While illness can be easily defined as the presence of symptoms that yield a specific diagnosis, the term recovery is more ambiguous. Is recovery merely the absence of the symptoms that led to the diagnosis? A parallel would equate health with the absence of illness, but our personal experience and expert scholarship is clear that health is much more than the absence of illness. The primary concern I explore in my work is trauma, especially recovery from trauma through the process of reconstructing personal meaning. Thus understanding component parts of recovery is important.

Component parts are greater than characteristics. For example, here are some characteristics of recovery:

  • Recovery is an individual and unique process.
  • Recovery can happen without a cure.
  • Recovery is a struggle.
  • Recovery does not happen in a smooth fashion, but rather an irregular fashion, with steps forward and steps backward.
  • Recovery takes trial and error to accomplish.

These characteristics help us see recovery more clearly but do not allow us to define goals or objectives within recovery.

A synthesis for recovery tasks was outlined by Mary Leamy, Victoria Bird, Clair Le Boutillier, Julie Williams and Mike Slade in 2011[1], and that synthesis is the foundation for my own conception of the tasks of recovery and how they dovetail with meaning reconstruction. Here are those component parts:

  1. Recovery requires connectedness. Isolation rarely allows recovery because isolation removes us from the necessary emotional and instrumental support we receive from other people. Being part of a community of recovering individuals has been valued for many forms of recovery. In terms of meaning reconstruction, recreating meaning is a narrative process akin to storytelling, and we tell stories to another person. Connectedness to another is necessary for our meaning-making to unfold.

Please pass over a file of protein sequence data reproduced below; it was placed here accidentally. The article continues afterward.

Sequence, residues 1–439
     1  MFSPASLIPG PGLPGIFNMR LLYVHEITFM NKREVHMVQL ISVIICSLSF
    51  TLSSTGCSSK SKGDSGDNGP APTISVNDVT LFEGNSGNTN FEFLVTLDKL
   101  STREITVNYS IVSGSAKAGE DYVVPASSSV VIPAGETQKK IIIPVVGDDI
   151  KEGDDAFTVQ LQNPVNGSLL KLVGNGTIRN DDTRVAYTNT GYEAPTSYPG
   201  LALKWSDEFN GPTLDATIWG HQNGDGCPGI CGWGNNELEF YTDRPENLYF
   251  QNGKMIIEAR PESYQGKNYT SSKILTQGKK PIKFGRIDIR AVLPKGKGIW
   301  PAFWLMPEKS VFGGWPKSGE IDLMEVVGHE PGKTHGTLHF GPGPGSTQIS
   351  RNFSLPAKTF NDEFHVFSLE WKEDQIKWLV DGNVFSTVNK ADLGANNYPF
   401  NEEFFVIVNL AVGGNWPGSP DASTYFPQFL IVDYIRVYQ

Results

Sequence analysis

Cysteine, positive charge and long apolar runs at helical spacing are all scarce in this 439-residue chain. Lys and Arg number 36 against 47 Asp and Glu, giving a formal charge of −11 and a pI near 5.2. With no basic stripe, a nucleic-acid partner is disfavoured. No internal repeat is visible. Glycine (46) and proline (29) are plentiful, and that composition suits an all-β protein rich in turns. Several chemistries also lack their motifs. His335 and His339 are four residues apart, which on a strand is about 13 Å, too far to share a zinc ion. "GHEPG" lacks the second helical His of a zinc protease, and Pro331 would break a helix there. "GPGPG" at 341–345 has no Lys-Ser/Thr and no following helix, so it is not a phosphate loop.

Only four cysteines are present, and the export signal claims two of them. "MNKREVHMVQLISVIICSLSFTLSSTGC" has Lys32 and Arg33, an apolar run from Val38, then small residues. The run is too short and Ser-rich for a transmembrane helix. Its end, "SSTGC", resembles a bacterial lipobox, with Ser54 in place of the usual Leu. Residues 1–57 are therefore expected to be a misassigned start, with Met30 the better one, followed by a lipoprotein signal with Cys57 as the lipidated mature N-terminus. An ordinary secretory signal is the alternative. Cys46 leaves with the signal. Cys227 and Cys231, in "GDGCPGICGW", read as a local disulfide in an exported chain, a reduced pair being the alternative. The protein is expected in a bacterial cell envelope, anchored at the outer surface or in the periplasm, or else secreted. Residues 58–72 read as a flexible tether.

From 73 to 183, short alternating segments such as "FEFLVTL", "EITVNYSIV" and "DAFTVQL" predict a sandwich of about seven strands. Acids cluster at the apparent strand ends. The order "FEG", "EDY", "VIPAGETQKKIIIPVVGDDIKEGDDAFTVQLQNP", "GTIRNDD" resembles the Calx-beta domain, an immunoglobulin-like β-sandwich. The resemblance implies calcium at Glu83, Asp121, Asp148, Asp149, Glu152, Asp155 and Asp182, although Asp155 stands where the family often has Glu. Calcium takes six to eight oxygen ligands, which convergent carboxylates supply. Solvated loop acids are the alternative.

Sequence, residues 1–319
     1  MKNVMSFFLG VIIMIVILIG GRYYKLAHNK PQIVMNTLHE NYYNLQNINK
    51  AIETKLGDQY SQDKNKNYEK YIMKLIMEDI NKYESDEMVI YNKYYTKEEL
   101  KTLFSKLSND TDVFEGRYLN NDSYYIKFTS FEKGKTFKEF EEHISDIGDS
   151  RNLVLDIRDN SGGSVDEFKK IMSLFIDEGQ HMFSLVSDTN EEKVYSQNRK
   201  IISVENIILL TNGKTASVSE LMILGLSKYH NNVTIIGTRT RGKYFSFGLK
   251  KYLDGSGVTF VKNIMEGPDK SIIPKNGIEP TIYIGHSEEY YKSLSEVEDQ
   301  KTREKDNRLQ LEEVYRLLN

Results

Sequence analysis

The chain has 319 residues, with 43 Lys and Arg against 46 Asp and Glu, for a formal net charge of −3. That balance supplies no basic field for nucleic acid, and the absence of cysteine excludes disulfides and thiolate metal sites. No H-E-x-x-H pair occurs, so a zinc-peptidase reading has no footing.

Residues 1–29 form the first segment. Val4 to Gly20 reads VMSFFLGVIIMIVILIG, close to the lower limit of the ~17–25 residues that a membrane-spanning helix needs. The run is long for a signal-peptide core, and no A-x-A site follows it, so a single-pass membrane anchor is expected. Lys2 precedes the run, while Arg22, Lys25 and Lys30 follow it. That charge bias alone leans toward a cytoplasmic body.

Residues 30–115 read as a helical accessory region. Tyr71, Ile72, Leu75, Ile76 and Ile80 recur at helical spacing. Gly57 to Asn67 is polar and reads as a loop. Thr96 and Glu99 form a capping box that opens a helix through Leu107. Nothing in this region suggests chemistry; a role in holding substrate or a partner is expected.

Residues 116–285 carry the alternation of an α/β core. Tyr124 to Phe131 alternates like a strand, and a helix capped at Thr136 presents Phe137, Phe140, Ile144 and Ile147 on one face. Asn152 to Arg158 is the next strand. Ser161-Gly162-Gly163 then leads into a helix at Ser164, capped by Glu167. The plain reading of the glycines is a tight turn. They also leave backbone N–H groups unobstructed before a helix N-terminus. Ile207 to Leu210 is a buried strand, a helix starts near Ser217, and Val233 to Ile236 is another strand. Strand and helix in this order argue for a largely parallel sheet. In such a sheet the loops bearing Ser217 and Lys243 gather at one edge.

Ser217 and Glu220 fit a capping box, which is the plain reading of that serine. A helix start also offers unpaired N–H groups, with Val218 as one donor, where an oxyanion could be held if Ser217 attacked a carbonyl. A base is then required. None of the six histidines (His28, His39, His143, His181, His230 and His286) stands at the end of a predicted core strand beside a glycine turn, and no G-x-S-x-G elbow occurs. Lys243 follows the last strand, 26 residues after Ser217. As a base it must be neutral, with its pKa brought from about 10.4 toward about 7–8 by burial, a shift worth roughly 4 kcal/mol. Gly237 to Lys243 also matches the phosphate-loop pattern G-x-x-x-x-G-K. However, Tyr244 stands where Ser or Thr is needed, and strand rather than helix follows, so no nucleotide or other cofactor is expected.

2. Recovery requires hope and optimism about the future. Recovery involves a belief in the likelihood of change, having the dream of a new possible self, and being hopeful in the presence of that which speaks against change. Making new meaning is also grounded in bringing a perspective to the past that is fresh and different. Allowing that meaning to exist within a tentative narrative is the concrete statement of hope and faith.
  3. Recovery means building a new identity. That new identity will be clear of shame, and stigma, and betrayal. Instead, the new identity will be built and defined by the person within relationship to another, where tentative explorations into who I might be can be attempted and considered. That process resembles an artist looking at the painting, then looking at the subject to be painted. Am I capturing the image? The vision? Am I doing it justice?
  4. Recovery will be firmly rooted in meaning. Meaning will permeate all aspects of life, from social roles, to spirituality, to the past, and to the future. New structures, new scaffolds, will be set up and spoken into being. Meaning will be so solid that a return to the old view will not be possible. New meanings will alter past events irrevocably.
  5. Recovery requires personal empowerment. Empowerment is stamina of personal resolve, and it includes responsibility for recovery, a control over one's response to circumstances and situations, and a clear vision of one's own strengths. New meanings will give texture and color to the new path ahead, and push back the darkness behind.

[1] Leamy, M., Bird, V., Le Boutillier, C., Williams, J., and Slade, M. (2011). Conceptual framework for personal recovery in mental health: A systematic review and narrative synthesis. The British Journal of Psychiatry, 199, 445-452. Doi: 10.1192/bjp.bp. 110.083733